America's Second Civil War - by Pat Buchanan (Full text)
“They had found a leader,
Robert E. Lee — and what a leader! … No military leader since Napoleon has
aroused such enthusiastic devotion among troops as did Lee when he reviewed
them on his horse Traveller.”
So wrote Samuel Eliot Morison
in his magisterial “The Oxford History of the American People” in 1965.
First in his class at West
Point, hero of the Mexican War, Lee was the man to whom President Lincoln
turned to lead his army. But when Virginia seceded, Lee would not lift up his
sword against his own people, and chose to defend his home state rather than
wage war upon her.
This veneration of Lee, wrote
Richard Weaver, “appears in the saying attributed to a Confederate soldier, ‘The
rest of us may have … descended from monkeys, but it took a God to make Marse
Growing up after World War II,
this was accepted history.
Yet, on the militant left
today, the name Lee evokes raw hatred and howls of “racist and traitor.” A
clamor has arisen to have all statues of him and all Confederate soldiers and
statesmen pulled down from their pedestals and put in museums or tossed onto
What has changed since 1965?
It is not history. There have
been no great new discoveries about Lee.
What has changed is America herself. She is not the same country. We have
passed through a great social, cultural and moral revolution that has left us
irretrievably divided on separate shores.
And the politicians are in panic.
Two years ago, Virginia Gov. Terry McAuliffe called the giant statues of
Lee and “Stonewall” Jackson on Richmond’s Monument Avenue “parts of our
heritage.” After Charlottesville, New York-born-and-bred McAuliffe,
entertaining higher ambitions, went full scalawag, demanding the statues be
pulled down as “flashpoints for hatred, division, and violence.”
Who hates the statues, Terry? Who’s going to cause the violence? Answer:
The Democratic left whom Terry must now appease.
McAuliffe is echoed by Lt. Gov. Ralph Northam, the Democratic candidate
in November to succeed McAuliffe. GOP nominee Ed Gillespie wants Monument
Avenue left alone.
The election is the place to decide this, but the left will not wait.
In Durham, North Carolina, our
Taliban smashed the statue of a Confederate soldier. Near the entrance of Duke
University Chapel, a statue of Lee has been defaced, the nose broken off.
Wednesday at dawn, Baltimore
carried out a cultural cleansing by taking down statues of Lee and Maryland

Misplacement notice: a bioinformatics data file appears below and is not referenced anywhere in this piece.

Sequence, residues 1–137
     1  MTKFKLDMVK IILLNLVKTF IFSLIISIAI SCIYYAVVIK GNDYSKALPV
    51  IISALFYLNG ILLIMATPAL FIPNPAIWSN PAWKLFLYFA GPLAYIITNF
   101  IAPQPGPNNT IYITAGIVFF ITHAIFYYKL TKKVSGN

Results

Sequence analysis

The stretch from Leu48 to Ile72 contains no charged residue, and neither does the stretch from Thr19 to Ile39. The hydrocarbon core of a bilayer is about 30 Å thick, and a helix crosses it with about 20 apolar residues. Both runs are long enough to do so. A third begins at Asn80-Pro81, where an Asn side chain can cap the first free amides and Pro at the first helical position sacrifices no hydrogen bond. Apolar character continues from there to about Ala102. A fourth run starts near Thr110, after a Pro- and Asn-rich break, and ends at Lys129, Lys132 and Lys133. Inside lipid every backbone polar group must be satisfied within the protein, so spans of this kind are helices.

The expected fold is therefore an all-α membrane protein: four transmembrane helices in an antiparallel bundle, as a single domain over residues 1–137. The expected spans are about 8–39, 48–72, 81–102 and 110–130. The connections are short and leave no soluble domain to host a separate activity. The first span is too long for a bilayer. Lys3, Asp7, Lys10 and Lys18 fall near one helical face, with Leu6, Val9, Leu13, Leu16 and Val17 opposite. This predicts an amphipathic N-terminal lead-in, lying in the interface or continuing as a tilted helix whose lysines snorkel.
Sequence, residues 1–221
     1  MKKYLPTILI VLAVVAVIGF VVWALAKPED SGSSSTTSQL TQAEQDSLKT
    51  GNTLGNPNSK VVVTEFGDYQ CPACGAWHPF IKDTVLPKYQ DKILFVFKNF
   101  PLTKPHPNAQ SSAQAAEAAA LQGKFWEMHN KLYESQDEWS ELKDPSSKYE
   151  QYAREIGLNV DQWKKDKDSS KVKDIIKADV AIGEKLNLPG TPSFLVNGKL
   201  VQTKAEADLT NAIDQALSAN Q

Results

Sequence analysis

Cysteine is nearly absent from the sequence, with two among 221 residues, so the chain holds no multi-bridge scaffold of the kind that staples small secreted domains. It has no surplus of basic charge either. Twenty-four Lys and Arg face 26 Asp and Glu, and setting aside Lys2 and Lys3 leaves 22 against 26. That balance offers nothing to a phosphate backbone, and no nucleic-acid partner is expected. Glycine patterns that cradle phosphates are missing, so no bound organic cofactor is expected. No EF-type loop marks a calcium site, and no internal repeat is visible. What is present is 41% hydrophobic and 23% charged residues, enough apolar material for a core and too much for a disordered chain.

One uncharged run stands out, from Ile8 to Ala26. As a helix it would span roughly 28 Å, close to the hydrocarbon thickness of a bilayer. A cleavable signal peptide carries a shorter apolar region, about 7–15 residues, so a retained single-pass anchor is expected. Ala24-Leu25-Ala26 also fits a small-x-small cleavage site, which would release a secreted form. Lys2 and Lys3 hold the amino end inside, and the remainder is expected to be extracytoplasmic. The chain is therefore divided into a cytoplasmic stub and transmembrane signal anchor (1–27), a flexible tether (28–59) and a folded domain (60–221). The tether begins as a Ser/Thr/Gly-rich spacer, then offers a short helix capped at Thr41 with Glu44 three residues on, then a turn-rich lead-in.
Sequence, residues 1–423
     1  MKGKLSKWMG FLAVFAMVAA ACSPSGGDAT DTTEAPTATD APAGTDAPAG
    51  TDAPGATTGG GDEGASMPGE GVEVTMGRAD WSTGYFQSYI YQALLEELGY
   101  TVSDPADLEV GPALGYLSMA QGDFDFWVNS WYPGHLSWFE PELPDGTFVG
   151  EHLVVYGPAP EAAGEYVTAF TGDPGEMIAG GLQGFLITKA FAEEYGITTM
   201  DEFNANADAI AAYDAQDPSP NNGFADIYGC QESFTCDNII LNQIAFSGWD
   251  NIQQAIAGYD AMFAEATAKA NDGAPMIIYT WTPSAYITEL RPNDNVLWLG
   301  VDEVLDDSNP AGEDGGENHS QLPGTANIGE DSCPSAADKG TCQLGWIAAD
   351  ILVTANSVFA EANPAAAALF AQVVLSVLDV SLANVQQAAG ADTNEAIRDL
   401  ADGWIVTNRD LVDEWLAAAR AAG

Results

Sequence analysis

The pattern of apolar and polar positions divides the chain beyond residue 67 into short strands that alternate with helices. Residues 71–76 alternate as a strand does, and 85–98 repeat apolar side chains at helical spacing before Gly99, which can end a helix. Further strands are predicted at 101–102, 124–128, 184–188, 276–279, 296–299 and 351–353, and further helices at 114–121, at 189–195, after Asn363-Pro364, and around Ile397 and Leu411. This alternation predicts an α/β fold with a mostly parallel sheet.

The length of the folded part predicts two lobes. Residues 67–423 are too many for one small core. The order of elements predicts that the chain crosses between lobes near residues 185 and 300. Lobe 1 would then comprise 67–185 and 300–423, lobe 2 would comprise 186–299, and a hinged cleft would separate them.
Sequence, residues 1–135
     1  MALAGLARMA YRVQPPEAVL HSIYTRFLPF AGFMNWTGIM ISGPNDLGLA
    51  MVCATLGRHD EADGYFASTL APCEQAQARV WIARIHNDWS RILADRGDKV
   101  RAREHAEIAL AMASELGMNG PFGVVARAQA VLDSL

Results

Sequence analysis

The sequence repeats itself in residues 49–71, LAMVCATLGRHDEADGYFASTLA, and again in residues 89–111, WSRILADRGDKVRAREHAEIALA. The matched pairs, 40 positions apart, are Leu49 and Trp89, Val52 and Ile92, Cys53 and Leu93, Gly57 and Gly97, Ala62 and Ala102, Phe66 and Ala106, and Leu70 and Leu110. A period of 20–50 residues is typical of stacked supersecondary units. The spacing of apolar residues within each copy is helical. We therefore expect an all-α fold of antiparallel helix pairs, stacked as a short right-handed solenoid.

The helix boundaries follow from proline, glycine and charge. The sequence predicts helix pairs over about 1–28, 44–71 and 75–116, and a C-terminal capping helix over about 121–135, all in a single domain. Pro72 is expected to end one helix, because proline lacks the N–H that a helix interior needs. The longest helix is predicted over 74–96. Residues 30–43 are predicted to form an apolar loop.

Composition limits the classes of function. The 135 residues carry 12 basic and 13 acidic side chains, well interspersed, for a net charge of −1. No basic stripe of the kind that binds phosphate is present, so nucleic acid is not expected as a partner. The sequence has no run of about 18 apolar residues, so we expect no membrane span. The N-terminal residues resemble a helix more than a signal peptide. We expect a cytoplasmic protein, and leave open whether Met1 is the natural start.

Chief Justice Roger Taney who wrote the Dred Scott decision and opposed
Lincoln’s suspension of the right of habeas corpus.
Like ISIS, which smashed the
storied ruins of Palmyra, and the al-Qaida rebels who ravaged the fabled
Saharan city of Timbuktu, the new barbarism has come to America. This is going
to become a blazing issue, not only between but within the parties.
For there are 10 Confederates
in Statuary Hall in the Capitol, among them Lee, Georgia’s Alexander Stephens,
vice president to Jefferson Davis, and Davis himself. The Black Caucus wants
Mount Rushmore-sized carvings
of Lee, Jackson and Davis are on Stone Mountain, Georgia. Are they to be
There are countless
universities, colleges and high schools like Washington & Lee named for
Confederate statesmen and soldiers. Across the Potomac from D.C. are Jefferson
Davis Highway and Leesburg Pike to Leesburg itself, 25 miles north. Are all
highways, streets, towns and counties named for Confederates to be renamed?
What about Fort Bragg?
On every Civil War battlefield,
there are monuments to the Southern fallen. Gettysburg has hundreds of
memorials, statues and markers. But if, as the left insists we accept, the
Confederates were traitors trying to tear America apart to preserve an evil
system, upon what ground do Democrats stand to resist the radical left’s
What do we do with those
battlefields where Confederates were victorious: Bull Run, Fredericksburg,
“Where does this all end?” President Trump asked.
It doesn’t. Not until America’s
histories and biographies are burned and new texts written to Nazify Lee,
Jackson, Davis and all the rest, will a newly indoctrinated generation of
Americans accede to this demand to tear down and destroy what their fathers
And once all the Confederates
are gone, one must begin with the explorers, and then the slave owners like
Presidents Washington, Jefferson and Madison, who seceded from slave-free
Britain. White supremacists all.
Andrew Jackson, Henry Clay of
Kentucky and John Calhoun must swiftly follow.
Then there are all those
segregationists. From 1865 to 1965, virtually all of the great Southern
senators were white supremacists.
In the first half of the 20th
century, Woodrow Wilson and FDR carried all 11 states of a rigidly
segregationist South all six times they ran, and FDR rewarded Dixie by putting
a Klansman on the Supreme Court.
While easy for Republicans to
wash their hands of such odious elements as Nazis in Charlottesville, will they
take up the defense of the monuments and statues that have defined our history,
or capitulate to the icon-smashers?
In this Second American Civil War, whose side are you on?
Patrick J. Buchanan is the
author of a new book, “Nixon’s White House Wars: The Battles That Made and
Broke a President and Divided America Forever.”